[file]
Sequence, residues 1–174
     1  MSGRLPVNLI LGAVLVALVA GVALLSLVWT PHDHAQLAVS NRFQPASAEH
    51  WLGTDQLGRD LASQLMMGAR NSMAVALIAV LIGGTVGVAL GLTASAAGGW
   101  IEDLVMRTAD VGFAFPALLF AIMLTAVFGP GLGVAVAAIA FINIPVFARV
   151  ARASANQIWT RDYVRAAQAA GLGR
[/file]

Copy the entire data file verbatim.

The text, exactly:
Sequence, residues 1–174
     1  MSGRLPVNLI LGAVLVALVA GVALLSLVWT PHDHAQLAVS NRFQPASAEH
    51  WLGTDQLGRD LASQLMMGAR NSMAVALIAV LIGGTVGVAL GLTASAAGGW
   101  IEDLVMRTAD VGFAFPALLF AIMLTAVFGP GLGVAVAAIA FINIPVFARV
   151  ARASANQIWT RDYVRAAQAA GLGR